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North Carolina and Its Resources: Cranberry Iron Mine  North Carolina and Its Resouces: North Carolina Map  North Carolina and Its Resources: Hickorynut Gap  Journal of a Lady of Quality  North Carolina and Its Resources: State Capitol in Raleigh 

Click on one of the links below to view a list of materials related to specific states or specific North Carolina counties.

What is the American South?

From the time the first ship landed in what would become Virginia to the time of the Civil War and into the present day, the geographic South has been many things: a frontier, a colony, a region, a nation, and the concept of the South as a cultural and sociological entity has existed in many forms as well. Documenting the American South includes materials that relate to all states that, at some point, have been considered within the geographic boundaries of the South. In addition, DocSouth includes travel accounts, slave narratives, and memoirs written by or about people who came from the South and adventured beyond its geographic borders. In addition, the collection "North American Slave Narratives" includes autobiographies, biographies, and fictionalized personal narratives of slaves and ex-slaves who were held in slavery anywhere in North America. While the antebellum South is infamous for espousing slavery, it was not the only region that allowed slavery. In the early history of North America, slavery was legal in the northern United States and in the Caribbean, and the traffic of slaves affected the entire continent.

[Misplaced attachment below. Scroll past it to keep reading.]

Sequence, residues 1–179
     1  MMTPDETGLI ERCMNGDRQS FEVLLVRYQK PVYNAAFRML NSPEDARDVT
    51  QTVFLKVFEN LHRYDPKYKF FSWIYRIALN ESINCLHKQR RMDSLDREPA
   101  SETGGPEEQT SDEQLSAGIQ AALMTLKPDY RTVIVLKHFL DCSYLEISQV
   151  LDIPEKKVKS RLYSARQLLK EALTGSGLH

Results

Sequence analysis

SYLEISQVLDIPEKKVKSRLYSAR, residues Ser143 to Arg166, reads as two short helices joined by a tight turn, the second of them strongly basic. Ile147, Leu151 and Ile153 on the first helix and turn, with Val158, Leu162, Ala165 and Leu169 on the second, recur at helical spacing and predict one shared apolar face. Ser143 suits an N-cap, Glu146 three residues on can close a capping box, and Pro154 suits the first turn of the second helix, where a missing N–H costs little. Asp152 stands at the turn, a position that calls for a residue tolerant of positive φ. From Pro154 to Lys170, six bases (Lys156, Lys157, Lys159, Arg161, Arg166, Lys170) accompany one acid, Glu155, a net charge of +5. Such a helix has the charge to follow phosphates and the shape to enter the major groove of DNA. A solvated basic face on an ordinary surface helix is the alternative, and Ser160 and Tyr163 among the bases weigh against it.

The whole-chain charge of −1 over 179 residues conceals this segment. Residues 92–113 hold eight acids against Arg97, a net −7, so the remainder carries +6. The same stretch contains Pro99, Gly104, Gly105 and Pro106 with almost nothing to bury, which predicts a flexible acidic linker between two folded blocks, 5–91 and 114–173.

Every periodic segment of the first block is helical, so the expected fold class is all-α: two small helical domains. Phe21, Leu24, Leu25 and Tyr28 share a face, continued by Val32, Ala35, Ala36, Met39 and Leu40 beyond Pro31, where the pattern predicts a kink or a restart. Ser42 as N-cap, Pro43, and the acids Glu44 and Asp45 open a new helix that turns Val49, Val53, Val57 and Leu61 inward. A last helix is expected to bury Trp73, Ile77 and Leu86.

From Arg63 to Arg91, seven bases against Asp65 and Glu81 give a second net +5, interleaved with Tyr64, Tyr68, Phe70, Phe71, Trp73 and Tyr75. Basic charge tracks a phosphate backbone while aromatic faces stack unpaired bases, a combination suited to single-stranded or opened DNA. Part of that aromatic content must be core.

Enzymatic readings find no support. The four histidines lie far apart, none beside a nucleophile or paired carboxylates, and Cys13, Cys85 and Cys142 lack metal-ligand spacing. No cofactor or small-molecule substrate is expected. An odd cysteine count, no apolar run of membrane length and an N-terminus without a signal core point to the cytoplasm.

What states comprised the Confederate States of America?

The Confederacy included eleven states that seceded from the United States between 1860 and 1861 and formed a nation from that time until the end of the Civil War in 1865. They were: Alabama, Arkansas, Florida, Georgia, Louisiana, Mississippi, North Carolina, South Carolina, Tennessee, Texas, and Virginia. Documents published and diaries and letters written in the Confederate States of America during the Civil War can be found in the collection "The Southern Homefront." Materials about or relating to these states from any historical period may also be found by using the US map listed above.

The Mason-Dixon Line

Originally drawn in the late 1700s, the Mason-Dixon line separates the colonies of Pennsylvania and Maryland, which became states after the Revolutionary War. During the Missouri Compromise of 1820, this line became the focus of much political debate because it was the de facto dividing line between the southern states that allowed slavery and the northern states that had abolished slavery.

North Carolina

One of the original thirteen colonies, North Carolina has a rich history that spans centuries. Documenting the American South provides a wide variety of materials related specifically to North Carolina in two of its collections, "The North Carolina Experience" and "North Carolinians and the Great War". To browse these materials by topic, click on the name of the Collection at the left. To browse these materials by county, click on the link to the North Carolina map listed above.